Subject Areas
Tools / Misc
  Math Tools

scrnGC2: Calc Input
scrnGC3: f(x) Plot Input
scrnGC4: g(x) Plot Input
The inputs above will be hidden when the program finally gets launched. Currently, I am not hiding them even when you close the calculator. The purpose of the inputs is to help in debugging. This allows you to enter simple code on the calculator screen but the program translates the input to javascript math. Give it a try and see if you notice any obvious problems or have suggestions for improvements.
Graphing Basics
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The purpose of this section is to show you how to plot a point and how to draw a line graph. Although there are various types of graphs, linear graphs do an adequate job of showing trends in data. Once you become proficient making linear graphs, you will find it to be an excellent aid in visualizing your data.

This section will only cover 2-dimensional graphing. This means that you can show your work on a sheet of paper as it is basically 2-dimensional. It does have thickness but one seldom writes on the edge of a piece of paper. Graph paper comes in various grid sizes. Typically, you select the grid size that will permit you to show all your data.

For purpose of illustration, we will make a very small graph, using a small 5x10 grid, as shown below.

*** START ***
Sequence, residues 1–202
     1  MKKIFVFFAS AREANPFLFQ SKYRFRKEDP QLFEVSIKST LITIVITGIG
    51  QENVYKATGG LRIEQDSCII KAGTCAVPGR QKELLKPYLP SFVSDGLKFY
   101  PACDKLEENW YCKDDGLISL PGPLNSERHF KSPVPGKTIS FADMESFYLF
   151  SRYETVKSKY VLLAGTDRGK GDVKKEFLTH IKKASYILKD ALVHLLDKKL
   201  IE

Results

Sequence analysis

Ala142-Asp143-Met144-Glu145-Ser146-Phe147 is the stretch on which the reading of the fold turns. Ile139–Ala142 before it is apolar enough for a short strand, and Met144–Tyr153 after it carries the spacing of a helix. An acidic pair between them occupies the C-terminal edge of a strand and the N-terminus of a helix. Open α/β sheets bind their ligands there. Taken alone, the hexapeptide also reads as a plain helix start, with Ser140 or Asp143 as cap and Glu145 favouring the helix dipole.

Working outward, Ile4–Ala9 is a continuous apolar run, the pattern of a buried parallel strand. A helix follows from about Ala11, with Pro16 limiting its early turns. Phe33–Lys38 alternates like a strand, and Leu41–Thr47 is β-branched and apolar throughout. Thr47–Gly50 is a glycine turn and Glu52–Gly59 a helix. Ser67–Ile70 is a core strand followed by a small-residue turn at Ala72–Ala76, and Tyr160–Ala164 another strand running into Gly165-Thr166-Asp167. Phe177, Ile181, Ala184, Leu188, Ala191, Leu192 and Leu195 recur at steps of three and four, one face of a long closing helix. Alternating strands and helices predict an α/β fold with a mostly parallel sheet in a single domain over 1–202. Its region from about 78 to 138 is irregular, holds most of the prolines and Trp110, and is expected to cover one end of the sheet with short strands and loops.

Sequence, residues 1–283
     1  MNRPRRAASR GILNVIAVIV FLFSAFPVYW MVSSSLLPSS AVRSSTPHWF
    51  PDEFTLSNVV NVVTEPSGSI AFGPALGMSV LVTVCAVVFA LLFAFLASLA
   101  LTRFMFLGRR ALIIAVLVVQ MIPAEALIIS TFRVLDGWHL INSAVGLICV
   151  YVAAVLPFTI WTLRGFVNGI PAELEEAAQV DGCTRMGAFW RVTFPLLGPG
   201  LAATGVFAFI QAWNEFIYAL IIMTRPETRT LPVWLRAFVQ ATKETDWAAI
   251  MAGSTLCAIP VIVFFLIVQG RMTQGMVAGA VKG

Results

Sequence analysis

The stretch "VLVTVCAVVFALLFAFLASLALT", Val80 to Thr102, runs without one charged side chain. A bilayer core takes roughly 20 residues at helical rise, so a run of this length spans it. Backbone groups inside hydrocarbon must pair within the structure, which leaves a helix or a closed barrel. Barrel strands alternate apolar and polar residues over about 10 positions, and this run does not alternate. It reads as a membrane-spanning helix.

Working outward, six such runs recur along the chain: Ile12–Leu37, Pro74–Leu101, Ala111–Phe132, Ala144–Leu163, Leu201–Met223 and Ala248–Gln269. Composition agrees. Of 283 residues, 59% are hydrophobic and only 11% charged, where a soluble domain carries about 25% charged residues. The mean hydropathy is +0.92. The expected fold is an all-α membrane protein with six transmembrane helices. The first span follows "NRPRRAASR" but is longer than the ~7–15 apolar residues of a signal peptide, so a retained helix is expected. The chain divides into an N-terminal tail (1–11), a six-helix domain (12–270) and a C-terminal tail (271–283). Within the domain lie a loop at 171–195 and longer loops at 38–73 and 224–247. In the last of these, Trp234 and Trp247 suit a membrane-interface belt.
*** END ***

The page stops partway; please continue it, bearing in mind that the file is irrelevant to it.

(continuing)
The grid on the left is a 5x10 grid without scaling. The middle grid has been scaled from zero to five vertically (up and down) and zero to ten horizontally (left and right). Note that this is only one way of scaling this grid. The grid on the right has been scaled from zero to ten in both directions.
Start by plotting the point (7,3) on the middle grid. As you can see, the point is defined by two numbers. These numbers will always come as x-y pairs. The first number is the value for x and the second is the value for y. Xs denote how far left or right your point is. Ys denote how far up or down your point is. A point does not occupy any space and is generally shown as a + but for purpose of illustration, we will use a red dot ().
All points are relative to the origin, which is the point (0,0). It does not matter whether you go to the y-coordinate first or the x-coordinate. For consistency, it is recommended that you do it in the order that you see the numbers. The x-coordinate comes first and then the y-coordinate. Try to think of it as, "Going in the building and then up the elevator." Right and up is shown on the grid above. The green line indicates how we got to the final destination, (7,3).
Let us finish up by plotting six points on a grid similar to the one shown at the far right, above. Once we have plotted the points we will connect them with a straight line and we will have a line graph.
For this exercise we will plot the points, (0,4), (2,8), (5,2), (7,4), (8,6) and (10,4). The first grid shows the plotted points.


The second grid shows the points connected with straight lines.


The third grid shows the line graph without the dots because, remember, a point does not occupy any space.

Hopefully, this will give you a good start in plotting points and drawing linear graphs. Obviously, you have to be good at plotting points before you can make a line graph. Should you need practice plotting points, you may find this GED x-y graphing excercise helpful.

© 2002- John Schlecht. All rights reserved.